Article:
Retired Pro Hockey Player 1st to Receive
Total Artificial Heart in Upstate New York
University of Rochester Medical Center Implants Gaetano "Gates" Orlando
with World's Only Approved Total Artificial Heart to Bridge Him to a Heart Transplant
TUCSON, Ariz. – April 26, 2012 – SynCardia Systems, Inc., manufacturer of the world's first and only FDA, Health Canada and CE (Europe) approved Total Artificial Heart, announced today that retired professional hockey player and two-time Olympian, Gaetano "Gates" Orlando, has become the first person in upstate New York to receive the SynCardia temporary Total Artificial Heart. The 49-year-old, who played for the Buffalo Sabres and Rochester Americans, as well as the Italian national team in the 1994 and 1998 Olympics, received the Total Artificial Heart on April 4, at University of Rochester Medical Center (URMC).
"This is tremendous technology that can have a dramatic effect on patients who are experiencing advanced heart failure," said H. Todd Massey, M.D., surgical director of the URMC Artificial Heart Program who led the surgery. "For this patient, it was the only option to keep him alive until a donor heart could become available."
Last year, Orlando was diagnosed with a rare disease known as sarcoidosis, which led to heart failure and caused potentially fatal arrhythmias. Doctors placed him on medication and gave him a defibrillator to help regulate his heart rhythms. However, on March 30, while undergoing a procedure to change out the defibrillator, Orlando was struck by a life-threatening arrhythmia. Doctors placed him on extracorporeal membrane oxygenation (ECMO), which takes over the function of the heart and the lungs, and quickly made arrangements to perform their first implant of the Total Artificial Heart to save his life.
"The Total Artificial Heart leads to recovery of organ function in the most critically ill patients, allowing for a heart transplant when the patient is more stable - which ultimately helps achieve better outcomes following transplantation," said Dr. Massey.
Just one week after the implant surgery, Orlando was sitting in a chair and taking some steps. His doctors say they expect him to be hospitalized for several more weeks before he is stable enough to be considered for discharge from the hospital.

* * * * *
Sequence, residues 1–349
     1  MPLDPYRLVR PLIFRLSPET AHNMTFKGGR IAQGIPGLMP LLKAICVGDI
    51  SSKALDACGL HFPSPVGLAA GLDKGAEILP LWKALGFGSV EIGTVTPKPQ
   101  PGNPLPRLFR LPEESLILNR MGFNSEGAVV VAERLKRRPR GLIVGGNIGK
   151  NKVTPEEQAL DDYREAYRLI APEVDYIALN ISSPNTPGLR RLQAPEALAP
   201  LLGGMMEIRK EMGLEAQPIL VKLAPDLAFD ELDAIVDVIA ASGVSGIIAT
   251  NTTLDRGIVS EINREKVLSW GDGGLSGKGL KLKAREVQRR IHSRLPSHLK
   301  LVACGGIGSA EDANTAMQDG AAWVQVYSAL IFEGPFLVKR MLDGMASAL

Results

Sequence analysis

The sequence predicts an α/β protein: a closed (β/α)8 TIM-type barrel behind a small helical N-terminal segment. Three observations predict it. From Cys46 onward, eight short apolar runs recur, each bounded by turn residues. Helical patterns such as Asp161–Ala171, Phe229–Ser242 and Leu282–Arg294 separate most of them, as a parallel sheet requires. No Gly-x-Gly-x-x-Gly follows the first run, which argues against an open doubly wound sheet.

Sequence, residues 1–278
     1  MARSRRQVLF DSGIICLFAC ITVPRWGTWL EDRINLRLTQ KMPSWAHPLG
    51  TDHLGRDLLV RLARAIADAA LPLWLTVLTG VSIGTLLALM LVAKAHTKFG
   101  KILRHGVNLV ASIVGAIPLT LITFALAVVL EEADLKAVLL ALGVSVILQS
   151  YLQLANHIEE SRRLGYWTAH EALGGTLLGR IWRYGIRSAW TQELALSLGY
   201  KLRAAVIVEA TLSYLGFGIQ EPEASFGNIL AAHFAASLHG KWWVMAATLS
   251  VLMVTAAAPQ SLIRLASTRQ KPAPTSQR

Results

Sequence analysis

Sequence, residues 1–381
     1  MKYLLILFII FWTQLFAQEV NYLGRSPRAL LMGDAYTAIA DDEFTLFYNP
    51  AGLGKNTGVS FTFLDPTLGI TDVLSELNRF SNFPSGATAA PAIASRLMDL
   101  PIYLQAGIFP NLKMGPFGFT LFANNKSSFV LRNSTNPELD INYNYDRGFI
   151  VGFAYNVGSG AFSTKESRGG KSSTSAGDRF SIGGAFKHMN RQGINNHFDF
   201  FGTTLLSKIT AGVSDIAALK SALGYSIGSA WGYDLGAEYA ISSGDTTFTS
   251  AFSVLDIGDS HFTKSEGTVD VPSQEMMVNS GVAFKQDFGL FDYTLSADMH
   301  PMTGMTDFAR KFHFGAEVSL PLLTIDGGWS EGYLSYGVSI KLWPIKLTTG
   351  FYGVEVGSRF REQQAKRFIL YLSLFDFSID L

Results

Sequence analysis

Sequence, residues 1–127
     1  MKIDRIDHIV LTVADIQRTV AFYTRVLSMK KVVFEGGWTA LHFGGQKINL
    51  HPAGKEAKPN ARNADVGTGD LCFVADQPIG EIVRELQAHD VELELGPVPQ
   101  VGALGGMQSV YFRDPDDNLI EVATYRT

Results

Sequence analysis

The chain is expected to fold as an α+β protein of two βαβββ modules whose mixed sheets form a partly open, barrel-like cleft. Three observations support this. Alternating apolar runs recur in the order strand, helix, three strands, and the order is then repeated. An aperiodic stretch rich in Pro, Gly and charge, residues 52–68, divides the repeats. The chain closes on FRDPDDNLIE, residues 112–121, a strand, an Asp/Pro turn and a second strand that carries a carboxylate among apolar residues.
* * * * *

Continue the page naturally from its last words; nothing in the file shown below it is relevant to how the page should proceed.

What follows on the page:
"While we hope to perform a transplant as soon as the patient is ready, he can live with the Total Artificial Heart for a long time," said Dr. Massey. "We hope to be able to provide our patient with the portable driver so that he can resume a reasonably normal lifestyle and activities until a donor heart becomes available."
Weighing 13.5 pounds, the Freedom® portable driver is the world's first wearable power supply for SynCardia's Total Artificial Heart. It is the designed to allow stable patients to wait for a matching donor heart at home and in their communities instead of in the hospital. The Freedom driver is CE approved for use in Europe and undergoing an FDA-approved Investigational Device Exemption (IDE) clinical study in the U.S.
"This is something that doesn't just extend or prolong their lives, but actually almost normalizes their quality of life and that's one of the key components to this technology and its advancement," said transplant cardiologist Dr. Eugene Storozynsky.
CAUTION – The Freedom® portable driver is an investigational device, limited by United States law to investigational use.
About SynCardia Systems, LLC
SynCardia Systems, LLC in Tucson, Ariz., is the privately-held manufacturer of the world's first and only FDA, Health Canada and CE approved Total Artificial Heart. For people suffering from end-stage heart failure affecting both sides of the heart (biventricular failure), the SynCardia temporary Total Artificial Heart is used as a bridge to transplant, helping them survive until a matching donor heart becomes available. SynCardia also manufactures the Freedom® portable driver, which powers the temporary Total Artificial Heart and allows clinically stable patients to be discharged from the hospital to enjoy life at home while they wait for a heart transplant.
Janelle Drumwright, email@example.com, (520) 547-7463